I attended the Washington D.C. session and was immediately impressed with not only the quality of the wine but also the long wine making tradition in that country. Many of the families were immigrants from Spain and Italy, and as usually the case, brought their wine making tradition with them. And with no roadblocks such as Prohibition, many of these wineries have been operating for several generations.

Uruguay resides in the same parallels as its neighbors Argentina & Chile, but also South Africa, Australia, and New Zeland. The soils are mostly clay, there's plenty of sunshine,  and the vineyards are mostly situated near the Rios de la Plata (across from Beunos Aires) or the Atlantic Ocean - thus cool from coastal breezes. A perfect environment for producing balanced and structures wines.



Tannat was introduced into Uruguay in 1870 by Basque immigrants and now represents one third of all wine produced in that country. Tannat is normally ages at least one year in oak and sometime blended with Cabernet Sauvignon, Merlot, or Sirah. However, I was not a huge fan of these blends, particularly the Tannat-Merlot blends. It seemed that the Merlot added some fruitiness but took away from the finish, making the tannins even softer which had the result of a a wine falling off the palette. However there were really no complaints of the single varietal Tannats. They were most likely red cherry flavor, with a chewy structure, and nice soft tannings - dripping down the throat. Since alcohol levels are generally low12-14%, there was never a hot finish.

There were several that soon became favorites. The Bodegas Carrau Ysern Tannat-Tannat is a blend from two different vineyards - one from the north, the other in the south. The northern vineyard contains more sandy soils leading to structured tannins, whereas the clay soils in the south produce a more rusty wine. Blended together, the wine gains the benefits of each soil type. The Bodega Garzon Reserva Tannat was very similar and I was very fond of the Gimenez Mendez Las Brujas Tannat. Bouza Bodega may have been the most interesting as the representative explained that in one vineyard, the winery stacks red colored rocks along the base of the vines in order to reflect even more sunlight to the grapes. The Tannat A8 wine from this vineyard was slightly smoky, full of dark cherry fruit and smooth tannins. Another smoky wine was the Toscanini Reserva Tannat, who also produced a nice entry level Tannat - the Classic Tannat 2011. Familia Irurtia's Grand Reserve Tannat was spicier than most, a very agreeable wine; as were the Narbona Tannat Luz de Luna, Traversa Vina Salort Tannat Roble, and Pizzorno Tannat Reserva.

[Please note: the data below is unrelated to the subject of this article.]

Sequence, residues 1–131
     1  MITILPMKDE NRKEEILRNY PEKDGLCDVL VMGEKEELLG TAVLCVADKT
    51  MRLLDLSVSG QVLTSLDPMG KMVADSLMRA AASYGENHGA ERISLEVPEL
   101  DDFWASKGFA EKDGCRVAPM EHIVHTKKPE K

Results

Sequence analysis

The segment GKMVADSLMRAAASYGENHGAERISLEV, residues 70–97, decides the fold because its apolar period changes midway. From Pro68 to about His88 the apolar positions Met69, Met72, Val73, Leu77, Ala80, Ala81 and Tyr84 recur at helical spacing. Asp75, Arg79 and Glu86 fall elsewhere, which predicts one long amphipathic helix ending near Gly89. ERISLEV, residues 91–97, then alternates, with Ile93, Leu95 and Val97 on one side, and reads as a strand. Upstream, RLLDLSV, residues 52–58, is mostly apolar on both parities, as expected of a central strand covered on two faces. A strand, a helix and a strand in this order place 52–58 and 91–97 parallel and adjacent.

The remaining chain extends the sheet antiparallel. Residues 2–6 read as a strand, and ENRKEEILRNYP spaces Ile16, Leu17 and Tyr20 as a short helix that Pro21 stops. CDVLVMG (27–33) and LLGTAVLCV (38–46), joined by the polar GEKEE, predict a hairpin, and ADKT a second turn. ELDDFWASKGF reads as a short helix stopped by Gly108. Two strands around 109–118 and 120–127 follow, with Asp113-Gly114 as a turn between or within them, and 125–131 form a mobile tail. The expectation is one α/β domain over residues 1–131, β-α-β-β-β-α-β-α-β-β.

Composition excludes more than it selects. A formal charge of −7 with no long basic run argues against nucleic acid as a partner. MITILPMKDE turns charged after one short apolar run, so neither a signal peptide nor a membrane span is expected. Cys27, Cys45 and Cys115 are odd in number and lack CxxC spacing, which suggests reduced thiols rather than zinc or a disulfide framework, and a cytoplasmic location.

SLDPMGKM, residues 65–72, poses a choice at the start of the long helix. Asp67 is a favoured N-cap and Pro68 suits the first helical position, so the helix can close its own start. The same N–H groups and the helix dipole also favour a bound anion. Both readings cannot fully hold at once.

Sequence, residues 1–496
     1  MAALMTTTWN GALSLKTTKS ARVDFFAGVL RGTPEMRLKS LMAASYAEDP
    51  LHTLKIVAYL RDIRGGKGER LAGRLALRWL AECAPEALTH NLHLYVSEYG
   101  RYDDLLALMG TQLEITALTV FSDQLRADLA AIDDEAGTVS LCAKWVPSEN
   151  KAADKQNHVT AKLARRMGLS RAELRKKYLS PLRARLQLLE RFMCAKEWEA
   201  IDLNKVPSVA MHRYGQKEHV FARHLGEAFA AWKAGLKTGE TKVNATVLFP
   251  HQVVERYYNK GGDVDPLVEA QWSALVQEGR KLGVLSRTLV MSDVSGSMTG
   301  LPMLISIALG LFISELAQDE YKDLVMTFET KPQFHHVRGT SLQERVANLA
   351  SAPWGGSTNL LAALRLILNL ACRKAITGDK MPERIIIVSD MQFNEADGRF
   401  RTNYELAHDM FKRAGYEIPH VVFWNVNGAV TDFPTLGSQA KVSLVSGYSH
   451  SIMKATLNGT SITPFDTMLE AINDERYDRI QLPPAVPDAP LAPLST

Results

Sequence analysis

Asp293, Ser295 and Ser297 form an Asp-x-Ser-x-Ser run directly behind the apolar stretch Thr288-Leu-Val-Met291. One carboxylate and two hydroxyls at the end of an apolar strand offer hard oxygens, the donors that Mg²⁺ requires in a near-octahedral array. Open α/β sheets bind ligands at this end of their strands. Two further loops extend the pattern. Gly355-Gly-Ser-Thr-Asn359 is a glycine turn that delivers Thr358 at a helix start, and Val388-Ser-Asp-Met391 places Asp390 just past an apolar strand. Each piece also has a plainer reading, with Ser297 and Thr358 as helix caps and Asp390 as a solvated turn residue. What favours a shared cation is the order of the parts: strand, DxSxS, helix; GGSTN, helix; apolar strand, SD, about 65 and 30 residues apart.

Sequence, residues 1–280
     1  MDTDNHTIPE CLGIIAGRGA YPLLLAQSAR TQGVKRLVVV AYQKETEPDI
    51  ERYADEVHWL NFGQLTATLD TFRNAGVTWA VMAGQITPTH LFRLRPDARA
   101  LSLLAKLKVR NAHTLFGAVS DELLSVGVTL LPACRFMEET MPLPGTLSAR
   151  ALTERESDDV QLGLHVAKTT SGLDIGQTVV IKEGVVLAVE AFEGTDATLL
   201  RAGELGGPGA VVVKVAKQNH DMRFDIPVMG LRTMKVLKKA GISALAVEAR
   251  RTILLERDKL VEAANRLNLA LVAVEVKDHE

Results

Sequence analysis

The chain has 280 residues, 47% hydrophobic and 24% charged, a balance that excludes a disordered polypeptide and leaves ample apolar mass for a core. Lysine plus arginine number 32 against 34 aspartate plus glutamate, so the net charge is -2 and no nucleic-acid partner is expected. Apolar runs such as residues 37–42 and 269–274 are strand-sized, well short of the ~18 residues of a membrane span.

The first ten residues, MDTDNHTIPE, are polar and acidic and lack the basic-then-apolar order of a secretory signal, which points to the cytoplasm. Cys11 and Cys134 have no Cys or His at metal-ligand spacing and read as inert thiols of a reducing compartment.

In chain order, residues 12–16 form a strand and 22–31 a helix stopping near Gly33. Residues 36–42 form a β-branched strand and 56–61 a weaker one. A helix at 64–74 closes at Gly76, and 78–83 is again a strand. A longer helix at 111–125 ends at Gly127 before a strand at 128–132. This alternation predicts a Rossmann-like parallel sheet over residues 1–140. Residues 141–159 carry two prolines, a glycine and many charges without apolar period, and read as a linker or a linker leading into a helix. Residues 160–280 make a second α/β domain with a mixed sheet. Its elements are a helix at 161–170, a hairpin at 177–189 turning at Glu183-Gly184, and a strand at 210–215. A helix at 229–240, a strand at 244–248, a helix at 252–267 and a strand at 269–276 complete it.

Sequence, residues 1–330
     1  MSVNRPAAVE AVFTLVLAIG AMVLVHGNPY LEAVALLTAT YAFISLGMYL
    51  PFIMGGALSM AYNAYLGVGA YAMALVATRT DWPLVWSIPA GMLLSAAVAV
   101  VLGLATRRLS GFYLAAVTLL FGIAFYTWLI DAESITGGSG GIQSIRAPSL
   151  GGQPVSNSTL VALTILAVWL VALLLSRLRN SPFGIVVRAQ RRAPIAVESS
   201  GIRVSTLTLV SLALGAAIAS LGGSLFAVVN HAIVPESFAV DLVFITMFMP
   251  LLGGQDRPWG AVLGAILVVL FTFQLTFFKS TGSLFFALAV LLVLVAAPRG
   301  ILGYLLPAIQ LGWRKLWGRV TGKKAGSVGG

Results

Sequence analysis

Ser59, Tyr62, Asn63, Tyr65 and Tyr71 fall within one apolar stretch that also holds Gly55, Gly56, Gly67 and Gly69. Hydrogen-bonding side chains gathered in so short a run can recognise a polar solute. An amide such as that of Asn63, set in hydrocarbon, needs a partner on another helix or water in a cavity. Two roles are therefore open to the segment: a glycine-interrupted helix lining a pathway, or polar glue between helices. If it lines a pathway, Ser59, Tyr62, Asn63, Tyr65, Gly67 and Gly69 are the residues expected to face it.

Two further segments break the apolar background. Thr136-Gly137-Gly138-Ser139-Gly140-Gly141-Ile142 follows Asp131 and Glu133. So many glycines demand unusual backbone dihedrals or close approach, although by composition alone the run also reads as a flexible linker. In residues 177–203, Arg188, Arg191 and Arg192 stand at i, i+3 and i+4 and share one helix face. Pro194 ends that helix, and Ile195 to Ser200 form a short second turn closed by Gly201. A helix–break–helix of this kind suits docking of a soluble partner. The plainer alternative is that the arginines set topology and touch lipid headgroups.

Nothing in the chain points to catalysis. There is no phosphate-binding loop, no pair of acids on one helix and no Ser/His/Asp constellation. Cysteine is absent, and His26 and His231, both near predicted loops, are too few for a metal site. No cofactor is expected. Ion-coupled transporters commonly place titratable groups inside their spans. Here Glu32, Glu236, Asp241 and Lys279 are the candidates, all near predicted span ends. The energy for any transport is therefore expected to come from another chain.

As for non-Tannat reds, the most impressive was the Antigua Bodega Stagnari Prima Donna Cabernet Franc. This wine was creamy, chewable cherry balanced with smooth tannins and nice acids. Artesama offers a range of Zinfandel and a tasty Tannat-Zinfandel-Merlot blend. Both display that characteristic spicy flavor that prompted me to put Zinfandel back on the tasting calendar. Finally Gimenez Mendez produces the Alto Reserva Malbec that is similar to the Antigua Bodega Stagnari CF, my notes read chewy cherry smooth tannins, acidic finish - and only 13% alcohol.
 

What also impressed me was the quality of the few white wines. No consensus yet for the white version of Tannat such that there were a couple Albariño, Sauvignon Blanc, Chardonnay, and even a Viognier and Marsanne. Some of these were produced perhaps because of the individual tasting preferences of the winery or  a linkage to their family history.  Regardless, they were all simply delicious and bargains (talking about $10-$15 when available in the U.S.).  Both Bouza and Garzon produced Albariño to honor the family's Spanish